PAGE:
We’ve had so many of these scare stories. Hong Kong is the only city in Asia where doing business is straight forward – which explains the high property prices. Hong Kong’s undoing will be friendly fire (blue on blue).

  9. Chopped Onions says:

    on another note, yesterday SCuMP was busy telling anyone who could read that the schools here are so desperate for pupils (as we have a population demise) that they need to recruit more mainland kiddies. Yet we will, according to the govt, have to build in country parks, so large and homeless will be our future generation…..

  10. Real Tax Payer says:

    Personally I go with Tom Holland .
    The other reports are window-dressing

    Mind you – if you read Tom Holland’s column the other day (was it Saturday ?) he confesses that he got the progress of recovery to date in the USA after the 9.2008 collapse spectacularly wrong, to the point that the USA is – at least au Tom – overtaking China again.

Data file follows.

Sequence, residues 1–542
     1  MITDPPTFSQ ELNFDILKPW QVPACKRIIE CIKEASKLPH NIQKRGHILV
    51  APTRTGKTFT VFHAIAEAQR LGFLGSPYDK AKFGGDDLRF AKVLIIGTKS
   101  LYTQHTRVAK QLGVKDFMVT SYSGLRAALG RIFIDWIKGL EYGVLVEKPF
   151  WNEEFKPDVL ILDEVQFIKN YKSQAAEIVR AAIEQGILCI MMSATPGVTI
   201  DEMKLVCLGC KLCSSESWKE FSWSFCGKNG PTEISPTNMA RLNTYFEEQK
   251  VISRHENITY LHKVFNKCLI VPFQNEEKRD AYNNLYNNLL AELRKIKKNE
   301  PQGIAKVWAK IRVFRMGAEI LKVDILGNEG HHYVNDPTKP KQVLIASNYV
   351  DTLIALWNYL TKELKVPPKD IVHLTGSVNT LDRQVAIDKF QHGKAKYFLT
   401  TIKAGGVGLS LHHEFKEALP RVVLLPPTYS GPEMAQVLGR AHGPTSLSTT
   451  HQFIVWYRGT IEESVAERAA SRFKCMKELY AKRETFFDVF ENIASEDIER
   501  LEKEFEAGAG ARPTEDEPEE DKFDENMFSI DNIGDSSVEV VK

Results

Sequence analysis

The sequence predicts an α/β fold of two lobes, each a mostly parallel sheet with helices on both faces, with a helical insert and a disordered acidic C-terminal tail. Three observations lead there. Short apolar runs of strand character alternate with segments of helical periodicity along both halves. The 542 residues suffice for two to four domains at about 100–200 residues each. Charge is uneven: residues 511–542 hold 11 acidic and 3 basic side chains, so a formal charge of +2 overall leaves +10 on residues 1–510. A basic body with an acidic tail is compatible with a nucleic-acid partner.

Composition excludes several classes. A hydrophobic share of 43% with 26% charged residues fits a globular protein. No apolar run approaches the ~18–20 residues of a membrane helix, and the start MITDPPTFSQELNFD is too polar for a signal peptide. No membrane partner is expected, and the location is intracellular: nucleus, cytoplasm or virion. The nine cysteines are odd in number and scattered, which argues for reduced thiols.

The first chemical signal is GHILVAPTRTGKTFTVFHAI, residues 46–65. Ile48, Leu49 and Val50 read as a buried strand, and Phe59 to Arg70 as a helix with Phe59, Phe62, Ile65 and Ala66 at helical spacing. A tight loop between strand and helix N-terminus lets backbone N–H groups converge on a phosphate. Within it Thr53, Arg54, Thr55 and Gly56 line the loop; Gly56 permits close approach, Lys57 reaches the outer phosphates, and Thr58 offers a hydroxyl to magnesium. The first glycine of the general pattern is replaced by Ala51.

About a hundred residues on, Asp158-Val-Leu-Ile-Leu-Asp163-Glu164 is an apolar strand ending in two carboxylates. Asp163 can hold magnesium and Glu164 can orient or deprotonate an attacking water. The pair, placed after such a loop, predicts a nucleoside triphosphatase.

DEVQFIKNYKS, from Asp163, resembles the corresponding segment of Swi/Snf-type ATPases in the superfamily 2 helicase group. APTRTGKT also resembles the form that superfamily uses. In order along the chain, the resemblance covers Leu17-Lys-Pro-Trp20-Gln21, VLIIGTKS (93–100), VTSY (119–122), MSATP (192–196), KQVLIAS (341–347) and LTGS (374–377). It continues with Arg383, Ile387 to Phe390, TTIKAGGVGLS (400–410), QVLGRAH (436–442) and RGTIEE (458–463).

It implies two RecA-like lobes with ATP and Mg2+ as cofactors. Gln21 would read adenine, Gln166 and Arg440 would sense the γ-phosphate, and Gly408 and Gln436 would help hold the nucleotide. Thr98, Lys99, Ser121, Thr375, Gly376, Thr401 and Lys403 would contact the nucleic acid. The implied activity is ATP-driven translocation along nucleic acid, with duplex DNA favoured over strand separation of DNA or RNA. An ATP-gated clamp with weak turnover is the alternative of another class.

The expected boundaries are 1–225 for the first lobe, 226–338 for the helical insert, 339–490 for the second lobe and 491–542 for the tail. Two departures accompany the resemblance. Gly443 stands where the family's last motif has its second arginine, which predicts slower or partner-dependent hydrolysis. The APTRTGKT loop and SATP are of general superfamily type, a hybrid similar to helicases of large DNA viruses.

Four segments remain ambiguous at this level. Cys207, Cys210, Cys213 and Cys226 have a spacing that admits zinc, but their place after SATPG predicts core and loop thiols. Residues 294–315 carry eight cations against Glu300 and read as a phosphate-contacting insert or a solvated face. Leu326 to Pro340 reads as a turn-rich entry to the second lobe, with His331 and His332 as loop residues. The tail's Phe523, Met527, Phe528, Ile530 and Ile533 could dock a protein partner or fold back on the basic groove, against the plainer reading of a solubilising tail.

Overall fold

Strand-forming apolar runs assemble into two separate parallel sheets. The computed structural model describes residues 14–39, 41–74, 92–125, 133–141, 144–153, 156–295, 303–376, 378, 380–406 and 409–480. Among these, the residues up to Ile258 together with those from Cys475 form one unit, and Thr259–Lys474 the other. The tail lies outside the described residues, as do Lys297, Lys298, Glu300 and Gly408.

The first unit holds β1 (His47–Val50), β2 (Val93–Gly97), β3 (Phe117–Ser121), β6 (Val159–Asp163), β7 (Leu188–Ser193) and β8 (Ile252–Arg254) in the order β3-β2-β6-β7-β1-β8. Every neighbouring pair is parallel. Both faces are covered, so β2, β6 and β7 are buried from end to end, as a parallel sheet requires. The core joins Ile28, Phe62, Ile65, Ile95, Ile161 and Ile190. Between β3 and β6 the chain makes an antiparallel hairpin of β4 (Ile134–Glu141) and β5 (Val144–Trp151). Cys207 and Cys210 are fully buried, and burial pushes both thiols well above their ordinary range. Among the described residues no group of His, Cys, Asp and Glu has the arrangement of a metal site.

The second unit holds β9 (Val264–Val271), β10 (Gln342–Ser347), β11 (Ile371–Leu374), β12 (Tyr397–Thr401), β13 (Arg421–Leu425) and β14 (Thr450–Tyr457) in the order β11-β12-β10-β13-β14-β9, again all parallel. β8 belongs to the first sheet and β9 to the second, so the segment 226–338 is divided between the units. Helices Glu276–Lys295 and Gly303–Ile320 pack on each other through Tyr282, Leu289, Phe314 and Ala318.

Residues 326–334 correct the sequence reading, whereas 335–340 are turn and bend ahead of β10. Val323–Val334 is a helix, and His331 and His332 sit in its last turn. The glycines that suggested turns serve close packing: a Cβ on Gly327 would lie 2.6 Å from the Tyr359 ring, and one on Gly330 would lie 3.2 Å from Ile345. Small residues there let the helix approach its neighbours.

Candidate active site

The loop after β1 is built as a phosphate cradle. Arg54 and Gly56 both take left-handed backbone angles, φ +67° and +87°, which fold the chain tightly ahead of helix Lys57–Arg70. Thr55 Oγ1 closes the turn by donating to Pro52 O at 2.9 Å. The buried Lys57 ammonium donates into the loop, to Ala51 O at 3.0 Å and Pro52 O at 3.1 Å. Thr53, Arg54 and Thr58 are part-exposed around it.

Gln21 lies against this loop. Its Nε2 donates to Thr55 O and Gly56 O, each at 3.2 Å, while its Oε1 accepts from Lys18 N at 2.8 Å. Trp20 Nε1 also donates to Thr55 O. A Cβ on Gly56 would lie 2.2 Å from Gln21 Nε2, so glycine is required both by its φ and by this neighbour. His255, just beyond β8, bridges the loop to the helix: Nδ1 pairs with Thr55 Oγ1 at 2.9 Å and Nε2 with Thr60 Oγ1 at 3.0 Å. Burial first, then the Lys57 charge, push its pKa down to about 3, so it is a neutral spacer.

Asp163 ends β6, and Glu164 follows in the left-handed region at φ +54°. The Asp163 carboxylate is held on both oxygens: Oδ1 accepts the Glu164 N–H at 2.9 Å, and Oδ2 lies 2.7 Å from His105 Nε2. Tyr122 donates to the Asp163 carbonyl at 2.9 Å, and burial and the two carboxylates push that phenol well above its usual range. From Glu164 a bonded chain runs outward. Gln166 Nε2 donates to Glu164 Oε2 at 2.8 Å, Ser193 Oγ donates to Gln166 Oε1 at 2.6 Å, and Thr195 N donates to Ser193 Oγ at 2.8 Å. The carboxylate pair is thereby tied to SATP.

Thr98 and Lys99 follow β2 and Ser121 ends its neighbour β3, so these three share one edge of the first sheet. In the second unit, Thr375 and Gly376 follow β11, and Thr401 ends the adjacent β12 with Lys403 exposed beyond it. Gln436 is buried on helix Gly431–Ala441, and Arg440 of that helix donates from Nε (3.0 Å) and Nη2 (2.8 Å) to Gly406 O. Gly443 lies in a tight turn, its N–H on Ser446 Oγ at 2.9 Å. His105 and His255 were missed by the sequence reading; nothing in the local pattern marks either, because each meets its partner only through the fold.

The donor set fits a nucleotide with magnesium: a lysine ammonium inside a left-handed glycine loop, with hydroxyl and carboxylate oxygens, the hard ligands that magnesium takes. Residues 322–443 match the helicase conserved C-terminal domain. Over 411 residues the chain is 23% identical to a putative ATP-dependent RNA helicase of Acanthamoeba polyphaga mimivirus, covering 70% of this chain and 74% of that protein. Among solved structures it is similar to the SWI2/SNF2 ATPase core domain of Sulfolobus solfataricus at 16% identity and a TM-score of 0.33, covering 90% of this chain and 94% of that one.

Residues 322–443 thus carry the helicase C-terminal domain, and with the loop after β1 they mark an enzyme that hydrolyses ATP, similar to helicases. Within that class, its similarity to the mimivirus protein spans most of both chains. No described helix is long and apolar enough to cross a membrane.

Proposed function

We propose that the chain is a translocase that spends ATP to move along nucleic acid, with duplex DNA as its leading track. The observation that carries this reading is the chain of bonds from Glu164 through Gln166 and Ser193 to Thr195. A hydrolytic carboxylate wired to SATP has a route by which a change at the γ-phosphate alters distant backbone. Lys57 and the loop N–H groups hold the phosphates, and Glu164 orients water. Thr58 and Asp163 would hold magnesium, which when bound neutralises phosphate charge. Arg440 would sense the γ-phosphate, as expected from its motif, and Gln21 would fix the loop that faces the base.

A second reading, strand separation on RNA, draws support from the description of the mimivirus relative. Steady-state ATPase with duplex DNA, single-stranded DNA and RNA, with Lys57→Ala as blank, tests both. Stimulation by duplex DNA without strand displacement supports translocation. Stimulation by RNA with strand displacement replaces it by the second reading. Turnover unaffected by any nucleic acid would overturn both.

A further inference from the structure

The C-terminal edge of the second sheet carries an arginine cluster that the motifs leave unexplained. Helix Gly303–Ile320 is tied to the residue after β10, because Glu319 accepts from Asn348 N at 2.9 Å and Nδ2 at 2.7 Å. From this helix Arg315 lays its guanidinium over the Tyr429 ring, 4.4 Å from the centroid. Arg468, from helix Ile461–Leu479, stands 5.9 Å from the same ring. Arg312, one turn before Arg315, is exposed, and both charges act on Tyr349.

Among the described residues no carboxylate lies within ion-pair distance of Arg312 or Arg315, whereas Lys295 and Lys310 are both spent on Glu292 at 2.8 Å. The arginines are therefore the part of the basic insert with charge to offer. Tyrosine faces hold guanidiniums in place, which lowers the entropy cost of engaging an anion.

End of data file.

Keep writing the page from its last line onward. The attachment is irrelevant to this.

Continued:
Said point being anecdotally proved by our own company’s business. In 2011 our China and USA sales were running neck and neck, but by 2013 USA has surged 50% ahead of 2011 levels, while China has dropped back 25% compared to 2011.

    Tom’s conclusion in that Saturday column ( ? ) is that it’s almost impossible to predict the future.

    BTW: at least one HK investor is jumping with both feet into Qinhai according the SCMP

  11. Nextman says:

    All to quick to dismiss the shanghai zone…indoubtbthe readers of this blog will be drawn, but it will be attractive tax wise, and from other parts of china folks will come….